In this economy, even if you think your job is safe, you’ve gotta at least have in the back of your mind, “What are some immediate steps we could take to dramatically reduce our monthly expenditures in the event of a layoff?”. While many companies offer severance for several months, there’s no guarantee that you’ll land a new job with similar pay any time soon, or ever. And many are not so lucky to be granted severance when being shown the door – consultants, blue collar, fired for cause, and many more (US Severance Packages are the worst amongst western nations). When severance expires or that day comes where the pay stops cold, unemployment is unlikely to cover your old monthly income, but rather just a portion. That leaves a gap between current income and future income.
Bridging the Gap
In order to bridge the gap that occurs between current income and future income to avoid cannibalizing personal savings, retirement savings, having to leave your home, etc., the first order of action should be to take dramatic action from a discretionary spending standpoint. When considering our finances, I looked at various categories of spending that we could live without and how much we’d save per month by taking aggressive action:
Monthly Savings if Cutting Down to Bare Essentials:
Newspaper subscription $31 – We could totally do without. I justify its existence since I read occasionally and the coupons we receive each week more than offset subscription. But I could probably find replacement coupons with minimal effort on Coupons.com.
Coffee $50 – This is clearly a vice that I partake in because money isn’t tight right now. If I’m dragging at the office, occasionally I’ll grab a latte, so yes, I’m guilty of the “latte factor” and I admit it. However, on weekends and vacations I go without, so I take some solace in the notion that I’m not “addicted” and can quit if needed (do I sound like a recreational drug user?). I save money on the morning cup by making at home and bringing in – buying twice in a day would be overboard for me. Regardless, it would be easy to drop it if financial hardship occurred – especially the premium office purchase.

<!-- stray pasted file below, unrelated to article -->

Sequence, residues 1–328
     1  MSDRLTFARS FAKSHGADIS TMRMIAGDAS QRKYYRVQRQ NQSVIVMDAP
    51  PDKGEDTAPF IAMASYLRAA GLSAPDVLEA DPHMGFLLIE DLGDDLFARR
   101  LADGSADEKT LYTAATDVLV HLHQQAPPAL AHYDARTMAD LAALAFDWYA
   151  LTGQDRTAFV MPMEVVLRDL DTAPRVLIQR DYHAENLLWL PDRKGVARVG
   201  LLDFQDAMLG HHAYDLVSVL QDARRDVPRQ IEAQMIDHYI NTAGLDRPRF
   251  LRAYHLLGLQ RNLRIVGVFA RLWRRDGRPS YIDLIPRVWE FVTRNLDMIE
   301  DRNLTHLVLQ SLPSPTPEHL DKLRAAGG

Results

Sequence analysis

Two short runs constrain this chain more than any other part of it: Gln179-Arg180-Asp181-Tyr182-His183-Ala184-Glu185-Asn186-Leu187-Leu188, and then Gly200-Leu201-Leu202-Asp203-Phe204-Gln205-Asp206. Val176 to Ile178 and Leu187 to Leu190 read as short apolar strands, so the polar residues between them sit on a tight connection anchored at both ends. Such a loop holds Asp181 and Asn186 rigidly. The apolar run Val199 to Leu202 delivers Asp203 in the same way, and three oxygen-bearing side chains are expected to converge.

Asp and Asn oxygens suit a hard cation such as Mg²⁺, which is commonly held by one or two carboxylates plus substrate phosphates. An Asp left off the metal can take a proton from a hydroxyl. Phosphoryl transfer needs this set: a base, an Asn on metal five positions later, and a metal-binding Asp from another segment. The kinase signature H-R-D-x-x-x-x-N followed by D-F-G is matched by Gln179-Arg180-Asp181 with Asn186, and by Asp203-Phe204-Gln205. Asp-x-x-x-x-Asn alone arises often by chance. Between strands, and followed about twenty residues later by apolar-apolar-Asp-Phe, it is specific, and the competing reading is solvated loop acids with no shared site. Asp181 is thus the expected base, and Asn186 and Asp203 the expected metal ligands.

Phone/Internet/Cable $40 – While I already save major bucks on my Comcast Bill (44% negotiated down!) and get all kinds of free premium channels etc due to the specific negotiation tactics I employ if I were laid off, we could quickly drop several additional services I am still paying for in some way. The HD would go immediately. The DVR? Could probably do without – and cable could go down to the bare minimum. I could probably drop another $40 or so without the premium stuff.
Lunches – $60 I generally eat lunch at my desk after buying from the company caf. I spend about 6 bucks a day for a wrap and a drink or something. If I weren’t working, I obviously wouldn’t be buying lunch everyday. I could reasonably average out a lunch at $3 per day with larger prepared left-overs, salads, etc. So, with a spread of $3 per day, that’s about $15 per week or $60 per month that I’m spending above baseline.
Eating Out $120 While we wouldn’t turn into hermits and forgo society altogether, we would certainly eat out less than the already paltry 2 times or so a month. If it’s the 5 of us, we’re usually at a Friday’s or Friendly’s or something more affordable. On the rare occasion my wife and I get out alone, we usually go somewhere a little nicer and easily drop $60-$100 with tip.